Control of Results

 Generally accepted explanations of various economic systems are these:

Capitalism:  a country's trade and industry are conducted and controlled by private owners with minimal interference from government.

At the opposite extreme is Communism:  all property is publicly owned (i.e., by the people).  Each worker is paid according to their needs, not by their productivity, ingenuity, dedication or skill.  There are no truly communist countries on this planet currently… and never have been.

Near communism in the political/economic spectrum is Socialism:  the means of production, distribution, and exchange is owned and regulated by the community as a whole (i.e., the government, not the ‘people’).  The government owns all property and dictates all aspects of commerce.  The Union of Soviet Socialist Republics, the People’s Republic of China, the Republic of Cuba and the Democratic People's Republic of Korea (North Korea) are (or were) socialist countries.  Socialist countries are all effectively dictatorships.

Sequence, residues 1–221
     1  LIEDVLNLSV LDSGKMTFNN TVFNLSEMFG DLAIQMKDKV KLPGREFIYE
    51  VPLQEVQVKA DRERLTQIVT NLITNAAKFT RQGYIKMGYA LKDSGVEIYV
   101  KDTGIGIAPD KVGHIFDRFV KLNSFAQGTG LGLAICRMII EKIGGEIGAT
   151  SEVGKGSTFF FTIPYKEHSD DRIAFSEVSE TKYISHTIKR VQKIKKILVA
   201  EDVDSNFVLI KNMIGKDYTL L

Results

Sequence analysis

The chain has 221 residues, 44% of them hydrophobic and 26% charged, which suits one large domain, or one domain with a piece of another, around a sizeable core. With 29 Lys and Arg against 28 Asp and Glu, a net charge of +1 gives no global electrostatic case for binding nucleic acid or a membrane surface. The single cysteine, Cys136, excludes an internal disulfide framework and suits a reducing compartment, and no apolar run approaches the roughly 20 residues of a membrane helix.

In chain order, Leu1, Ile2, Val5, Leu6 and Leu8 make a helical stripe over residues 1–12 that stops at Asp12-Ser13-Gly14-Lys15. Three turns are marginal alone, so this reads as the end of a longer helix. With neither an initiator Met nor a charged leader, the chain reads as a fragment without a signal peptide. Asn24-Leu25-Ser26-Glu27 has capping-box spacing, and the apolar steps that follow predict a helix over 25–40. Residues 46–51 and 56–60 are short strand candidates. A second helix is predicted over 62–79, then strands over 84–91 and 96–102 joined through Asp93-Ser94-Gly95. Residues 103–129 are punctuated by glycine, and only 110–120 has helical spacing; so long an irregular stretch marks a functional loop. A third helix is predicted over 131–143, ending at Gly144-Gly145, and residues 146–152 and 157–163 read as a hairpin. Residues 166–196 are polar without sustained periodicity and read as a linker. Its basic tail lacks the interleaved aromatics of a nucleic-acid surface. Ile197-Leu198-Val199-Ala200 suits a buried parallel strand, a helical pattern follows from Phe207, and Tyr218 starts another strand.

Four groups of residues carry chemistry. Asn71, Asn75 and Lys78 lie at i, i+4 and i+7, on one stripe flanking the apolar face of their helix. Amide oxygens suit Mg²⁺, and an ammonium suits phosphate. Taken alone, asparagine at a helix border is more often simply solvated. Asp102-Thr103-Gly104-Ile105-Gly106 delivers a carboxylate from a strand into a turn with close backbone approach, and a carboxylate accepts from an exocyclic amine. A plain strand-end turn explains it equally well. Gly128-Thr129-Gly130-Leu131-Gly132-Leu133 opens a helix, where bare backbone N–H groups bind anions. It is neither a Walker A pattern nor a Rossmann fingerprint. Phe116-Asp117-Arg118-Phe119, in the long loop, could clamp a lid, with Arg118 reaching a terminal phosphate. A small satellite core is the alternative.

Some people believe Fascism is a right-wing philosophy.  It is not.  In this system industry is owned by private entities yet the government controls all aspects of the economy.  Fascism is a form of socialism.  Benito Mussolini was a Fascist.  Adolf Hitler’s National Socialist Party was Fascist – note the word ‘Socialist’ in the party name.  There was another Fascist ruling during that same period.  I will get to him in a later article.


Article 1, Section 8 of the Constitution of the United States of America defines specific responsibilities of the Congress.  Many of the vital responsibilities of Congress involve providing for the defense of the country.  Many other equally important responsibilities involve ensuring a well structured, smoothly operating economy.